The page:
is given foreknowledge of what's going to happen to him after the crucifixion. And, likewise, the redactor here is giving Huian foreknowledge or a premonition of the role he's to have as the sixth patriarch. But I don't see this as thoughts the historical Huian himself would have had at this time, but what the redactor who wanted to make him the sixth patriarch put in his mind. For the second narrative, this, for me, is very much by the redactor. The account is supposed to be first person. Huian is describing events in his life. But everything in narrative two is basically third person. Huian was not present at any of the events described in narrative two.


So he would have had no knowledge of what had happened there. So, for me, this is another sign of the redactor at work. And each event in narrative two is related to establishing Huian as the sixth patriarch. So, again, it's very much a redactor who wants to show Huian is the sixth patriarch at work, creating the situation. I don't have time to go into analysis of how each section of narrative two relates to this. But another function of narrative two in my reading is it presents examples of people who are not able to obtain enlightenment. So the monks who refuse to write a verse out of respect for Hsien-shiu are not candidates for enlightenment.


Hsien-shiu, for various reasons, and this is the Hsien-shiu of this account. The historical Hsien-shiu might very well be or is an enlightened person, I think, according to the traditions. But the Hsien-shiu of this narrative is someone who's not qualified to become enlightened. Then another thing happening in the second narrative. The fifth patriarch is presented in such a way that he's much less a person than the sixth patriarch will be. So there's also the redactor does not hold the fifth patriarch in the same respect that he holds the sixth patriarch. For narrative three, the main thing I want to point out,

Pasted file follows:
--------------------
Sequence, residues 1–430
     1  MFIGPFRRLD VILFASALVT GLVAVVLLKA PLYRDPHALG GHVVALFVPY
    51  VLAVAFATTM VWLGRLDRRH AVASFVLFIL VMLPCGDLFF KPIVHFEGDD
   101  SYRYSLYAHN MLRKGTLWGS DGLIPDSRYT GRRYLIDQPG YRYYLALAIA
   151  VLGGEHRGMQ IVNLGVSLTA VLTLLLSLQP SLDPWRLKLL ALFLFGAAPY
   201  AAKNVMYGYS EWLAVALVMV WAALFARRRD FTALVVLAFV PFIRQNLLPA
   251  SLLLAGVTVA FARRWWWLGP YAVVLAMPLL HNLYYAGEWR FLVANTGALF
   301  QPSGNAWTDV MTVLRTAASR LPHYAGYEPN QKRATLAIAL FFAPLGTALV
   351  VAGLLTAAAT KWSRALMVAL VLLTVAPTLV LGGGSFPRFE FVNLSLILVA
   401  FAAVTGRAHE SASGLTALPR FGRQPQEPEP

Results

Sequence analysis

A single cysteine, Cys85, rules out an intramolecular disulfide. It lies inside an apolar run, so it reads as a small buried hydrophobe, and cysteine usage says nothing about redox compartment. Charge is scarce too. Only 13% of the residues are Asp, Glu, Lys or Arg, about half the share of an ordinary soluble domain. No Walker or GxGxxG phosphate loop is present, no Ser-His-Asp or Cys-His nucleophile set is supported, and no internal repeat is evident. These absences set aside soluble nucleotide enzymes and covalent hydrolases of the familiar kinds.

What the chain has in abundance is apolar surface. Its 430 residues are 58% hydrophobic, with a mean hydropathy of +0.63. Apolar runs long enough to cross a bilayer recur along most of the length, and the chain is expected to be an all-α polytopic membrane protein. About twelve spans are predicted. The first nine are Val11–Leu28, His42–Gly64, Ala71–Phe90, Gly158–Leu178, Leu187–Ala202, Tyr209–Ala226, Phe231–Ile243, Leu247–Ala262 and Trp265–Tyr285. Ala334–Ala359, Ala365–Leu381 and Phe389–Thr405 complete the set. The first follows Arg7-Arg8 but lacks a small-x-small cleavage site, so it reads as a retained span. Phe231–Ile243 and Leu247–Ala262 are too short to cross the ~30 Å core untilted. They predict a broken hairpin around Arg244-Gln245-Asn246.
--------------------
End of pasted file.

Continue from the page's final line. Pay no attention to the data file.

again, we have a double account of the same thing. And it's here, Hui-neng twice hears the verse that Hsien-shiu wrote. And again, it's probably something that only happened once, but for various textual reasons, where probably the earlier version had one description. Then the redactor, again for purposes of making Hui-neng the sixth patriarch, had to add a second time when Hui-neng heard the verse of Hsien-shiu. The second description of this experience is on page 132. Here you go. This I marked.


And I would take this second example on 132 to be the earlier tradition, that this passage very possibly could go back to a sermon given by the historical Hui-neng in which he described what happened to him in his competition or in his becoming the sixth patriarch. So this simple yet stately description is premise first on the narrator being enlightened. So this description requires the enlightenment of Hui-neng at the beginning of the autobiography in narrative one. So it is his enlightenment that allows him to describe the situation as he does. There is also a saintly simplicity to his remarks in his acceptance of his lowly exterior situation of being illiterate,